β1-Adrenoceptor activation is required for ethanol enhancement of lateral paracapsular GABAergic synapses in the rat basolateral amygdala

Yuval Silberman, Olusegun J. Ariwodola, Jeff L. Weiner

Research output: Contribution to journalArticle

18 Citations (Scopus)

Abstract

Ethanol (EtOH) potentiation of GABAergic neurotransmission in the basolateral amygdala (BLA) may contribute to the acute anxiolytic effects of this drug. Previous studies have shown that BLA pyramidal neurons receive GABAergic input from two distinct sources: local interneurons and a cluster of GABAergic cells termed lateral paracapsular (LPCS) interneurons. It is noteworthy that whereas EtOH enhances local GABAergic synapses via a presynaptic increase in GABA release, EtOH potentiation of LPCS inhibition is mediated via a distinct mechanism that requires adrenoceptor (AR) activation. Here, we sought to further characterize the interaction between the AR system and EtOH enhancement of LPCS GABAergic synapses by using in vitro electrophysiology techniques in male Sprague-Dawley rats. Exogenous norepinephrine (NE) enhanced LPCS-evoked inhibitory postsynaptic currents (eIPSCs) via the activation of β-ARs, because this effect was blocked by propranolol. EtOH potentiation of LPCS eIPSCs was also blocked by propranolol and significantly reduced by NE pretreatment, suggesting that NE and EtOH may enhance LPCS inhibition via a common mechanism. EtOH enhancement of LPCS eIPSCs was significantly reduced by a selective β1-, but not β2- or β3-, AR antagonist, and both EtOH and NE potentiation of LPCS IPSCs was blocked by postsynaptic disruption of cAMP signaling. These data suggest that EtOH enhances LPCS synapses via a postsynaptic β1-AR, cAMP-dependent cascade. Because enhancement of LPCS inhibition can reduce anxiety-like behaviors, these findings shed light on a novel mechanism that may play a role in some of the anxiolytic effects of EtOH that are thought to contribute to the development and progression of alcoholism.

Original languageEnglish (US)
Pages (from-to)451-459
Number of pages9
JournalJournal of Pharmacology and Experimental Therapeutics
Volume343
Issue number2
DOIs
StatePublished - Nov 1 2012

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Synapses
Inhibitory Postsynaptic Potentials
Adrenergic Receptors
Norepinephrine
Ethanol
Anti-Anxiety Agents
Interneurons
Propranolol
Pyramidal Cells
Electrophysiology
Synaptic Transmission
gamma-Aminobutyric Acid
Alcoholism
Sprague Dawley Rats
Anxiety
Basolateral Nuclear Complex
Pharmaceutical Preparations
Inhibition (Psychology)

All Science Journal Classification (ASJC) codes

  • Molecular Medicine
  • Pharmacology

Cite this

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abstract = "Ethanol (EtOH) potentiation of GABAergic neurotransmission in the basolateral amygdala (BLA) may contribute to the acute anxiolytic effects of this drug. Previous studies have shown that BLA pyramidal neurons receive GABAergic input from two distinct sources: local interneurons and a cluster of GABAergic cells termed lateral paracapsular (LPCS) interneurons. It is noteworthy that whereas EtOH enhances local GABAergic synapses via a presynaptic increase in GABA release, EtOH potentiation of LPCS inhibition is mediated via a distinct mechanism that requires adrenoceptor (AR) activation. Here, we sought to further characterize the interaction between the AR system and EtOH enhancement of LPCS GABAergic synapses by using in vitro electrophysiology techniques in male Sprague-Dawley rats. Exogenous norepinephrine (NE) enhanced LPCS-evoked inhibitory postsynaptic currents (eIPSCs) via the activation of β-ARs, because this effect was blocked by propranolol. EtOH potentiation of LPCS eIPSCs was also blocked by propranolol and significantly reduced by NE pretreatment, suggesting that NE and EtOH may enhance LPCS inhibition via a common mechanism. EtOH enhancement of LPCS eIPSCs was significantly reduced by a selective β1-, but not β2- or β3-, AR antagonist, and both EtOH and NE potentiation of LPCS IPSCs was blocked by postsynaptic disruption of cAMP signaling. These data suggest that EtOH enhances LPCS synapses via a postsynaptic β1-AR, cAMP-dependent cascade. Because enhancement of LPCS inhibition can reduce anxiety-like behaviors, these findings shed light on a novel mechanism that may play a role in some of the anxiolytic effects of EtOH that are thought to contribute to the development and progression of alcoholism.",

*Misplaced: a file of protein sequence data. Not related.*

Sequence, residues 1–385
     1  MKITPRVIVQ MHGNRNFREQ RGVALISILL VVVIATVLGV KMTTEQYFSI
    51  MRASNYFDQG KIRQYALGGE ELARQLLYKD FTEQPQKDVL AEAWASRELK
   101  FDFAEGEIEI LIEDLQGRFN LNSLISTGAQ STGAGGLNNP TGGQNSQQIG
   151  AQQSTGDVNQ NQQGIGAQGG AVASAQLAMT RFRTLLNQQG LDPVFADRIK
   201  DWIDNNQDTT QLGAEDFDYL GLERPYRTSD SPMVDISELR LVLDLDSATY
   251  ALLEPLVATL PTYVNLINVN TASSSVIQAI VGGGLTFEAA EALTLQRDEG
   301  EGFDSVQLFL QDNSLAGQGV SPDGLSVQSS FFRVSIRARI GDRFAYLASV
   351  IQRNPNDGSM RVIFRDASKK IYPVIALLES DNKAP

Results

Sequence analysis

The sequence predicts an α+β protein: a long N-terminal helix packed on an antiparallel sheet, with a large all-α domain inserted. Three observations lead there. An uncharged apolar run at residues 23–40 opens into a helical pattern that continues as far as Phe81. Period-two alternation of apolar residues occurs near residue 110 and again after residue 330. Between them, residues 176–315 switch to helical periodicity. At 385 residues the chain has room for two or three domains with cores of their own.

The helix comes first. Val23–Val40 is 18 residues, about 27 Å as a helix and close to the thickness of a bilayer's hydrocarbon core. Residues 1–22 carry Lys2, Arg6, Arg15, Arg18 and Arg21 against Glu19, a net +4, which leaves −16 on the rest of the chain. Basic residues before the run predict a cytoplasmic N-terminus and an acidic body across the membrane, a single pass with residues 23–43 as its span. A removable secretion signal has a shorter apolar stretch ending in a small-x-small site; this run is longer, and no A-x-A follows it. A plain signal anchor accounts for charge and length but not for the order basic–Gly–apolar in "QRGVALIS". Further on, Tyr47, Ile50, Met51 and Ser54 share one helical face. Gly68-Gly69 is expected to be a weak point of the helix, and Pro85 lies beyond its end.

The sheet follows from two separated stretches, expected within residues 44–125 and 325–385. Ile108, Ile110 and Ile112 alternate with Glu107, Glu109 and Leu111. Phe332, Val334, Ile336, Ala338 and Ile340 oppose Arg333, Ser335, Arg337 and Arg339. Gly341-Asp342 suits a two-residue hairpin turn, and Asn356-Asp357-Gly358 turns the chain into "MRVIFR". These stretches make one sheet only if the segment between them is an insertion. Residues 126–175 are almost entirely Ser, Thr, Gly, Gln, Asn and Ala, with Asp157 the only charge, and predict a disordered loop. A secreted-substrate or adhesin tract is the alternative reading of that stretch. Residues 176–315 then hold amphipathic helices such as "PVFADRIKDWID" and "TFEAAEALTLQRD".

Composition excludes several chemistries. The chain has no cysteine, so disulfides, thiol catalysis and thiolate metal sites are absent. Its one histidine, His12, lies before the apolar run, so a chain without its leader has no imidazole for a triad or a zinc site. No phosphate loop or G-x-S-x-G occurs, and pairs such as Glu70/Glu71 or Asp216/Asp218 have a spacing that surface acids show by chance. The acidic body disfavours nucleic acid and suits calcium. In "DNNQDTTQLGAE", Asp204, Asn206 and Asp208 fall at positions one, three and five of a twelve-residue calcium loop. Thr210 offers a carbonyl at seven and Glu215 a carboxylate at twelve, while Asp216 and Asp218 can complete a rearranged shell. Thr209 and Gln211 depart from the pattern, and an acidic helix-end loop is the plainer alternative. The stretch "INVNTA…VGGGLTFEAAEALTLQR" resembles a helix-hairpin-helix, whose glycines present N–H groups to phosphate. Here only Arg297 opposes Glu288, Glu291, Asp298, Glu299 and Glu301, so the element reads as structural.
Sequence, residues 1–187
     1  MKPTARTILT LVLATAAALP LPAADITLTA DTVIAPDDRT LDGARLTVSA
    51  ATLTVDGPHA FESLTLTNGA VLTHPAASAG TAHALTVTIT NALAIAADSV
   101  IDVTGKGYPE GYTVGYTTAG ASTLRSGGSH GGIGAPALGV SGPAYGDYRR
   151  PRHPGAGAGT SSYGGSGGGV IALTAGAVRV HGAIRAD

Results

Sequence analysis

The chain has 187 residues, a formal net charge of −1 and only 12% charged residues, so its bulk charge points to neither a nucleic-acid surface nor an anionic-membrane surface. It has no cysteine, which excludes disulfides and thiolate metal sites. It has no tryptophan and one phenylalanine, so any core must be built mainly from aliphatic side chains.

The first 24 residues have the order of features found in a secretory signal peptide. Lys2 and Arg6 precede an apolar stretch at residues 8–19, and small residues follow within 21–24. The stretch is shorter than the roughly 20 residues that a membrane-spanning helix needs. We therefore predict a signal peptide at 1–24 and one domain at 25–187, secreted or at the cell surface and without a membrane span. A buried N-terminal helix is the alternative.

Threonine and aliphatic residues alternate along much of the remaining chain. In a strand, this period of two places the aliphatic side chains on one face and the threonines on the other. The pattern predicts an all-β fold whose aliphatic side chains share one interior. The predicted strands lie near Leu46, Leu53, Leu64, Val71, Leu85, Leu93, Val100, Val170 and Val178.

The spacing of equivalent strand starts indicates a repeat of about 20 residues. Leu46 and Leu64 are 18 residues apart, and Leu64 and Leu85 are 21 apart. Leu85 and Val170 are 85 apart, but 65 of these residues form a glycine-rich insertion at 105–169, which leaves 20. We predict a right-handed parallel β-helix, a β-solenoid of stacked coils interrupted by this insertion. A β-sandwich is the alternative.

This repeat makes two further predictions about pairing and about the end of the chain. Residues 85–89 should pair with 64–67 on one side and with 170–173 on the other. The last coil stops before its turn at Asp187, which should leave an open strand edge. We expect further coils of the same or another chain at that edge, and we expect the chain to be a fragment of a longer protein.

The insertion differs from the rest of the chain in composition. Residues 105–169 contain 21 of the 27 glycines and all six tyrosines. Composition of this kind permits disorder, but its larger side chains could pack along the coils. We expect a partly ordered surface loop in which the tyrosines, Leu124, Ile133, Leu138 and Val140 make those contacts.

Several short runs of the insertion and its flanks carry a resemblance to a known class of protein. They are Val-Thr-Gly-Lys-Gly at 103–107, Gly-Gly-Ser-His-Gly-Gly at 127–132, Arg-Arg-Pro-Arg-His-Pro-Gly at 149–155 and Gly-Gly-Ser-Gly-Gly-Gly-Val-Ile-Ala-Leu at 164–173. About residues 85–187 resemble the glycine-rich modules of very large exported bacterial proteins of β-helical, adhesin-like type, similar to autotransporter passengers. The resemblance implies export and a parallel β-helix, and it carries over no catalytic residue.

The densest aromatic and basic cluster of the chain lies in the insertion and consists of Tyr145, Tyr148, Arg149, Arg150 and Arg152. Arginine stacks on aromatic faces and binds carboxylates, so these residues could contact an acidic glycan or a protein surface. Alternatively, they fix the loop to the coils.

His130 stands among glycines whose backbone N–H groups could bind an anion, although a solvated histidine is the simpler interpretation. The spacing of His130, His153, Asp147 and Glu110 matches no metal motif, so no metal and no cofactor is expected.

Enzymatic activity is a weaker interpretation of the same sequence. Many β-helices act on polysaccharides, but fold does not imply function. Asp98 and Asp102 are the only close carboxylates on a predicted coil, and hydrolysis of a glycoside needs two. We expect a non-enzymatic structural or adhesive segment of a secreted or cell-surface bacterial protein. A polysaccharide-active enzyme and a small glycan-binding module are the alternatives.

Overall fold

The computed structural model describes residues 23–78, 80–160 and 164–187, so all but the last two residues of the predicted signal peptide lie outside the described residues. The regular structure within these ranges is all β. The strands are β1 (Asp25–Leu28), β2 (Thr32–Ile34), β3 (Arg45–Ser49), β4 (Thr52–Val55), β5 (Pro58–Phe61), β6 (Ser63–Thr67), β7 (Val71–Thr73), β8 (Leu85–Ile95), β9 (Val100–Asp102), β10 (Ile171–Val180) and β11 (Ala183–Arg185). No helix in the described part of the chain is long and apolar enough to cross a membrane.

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β1-Adrenoceptor activation is required for ethanol enhancement of lateral paracapsular GABAergic synapses in the rat basolateral amygdala. / Silberman, Yuval; Ariwodola, Olusegun J.; Weiner, Jeff L.

In: Journal of Pharmacology and Experimental Therapeutics, Vol. 343, No. 2, 01.11.2012, p. 451-459.

Research output: Contribution to journalArticle

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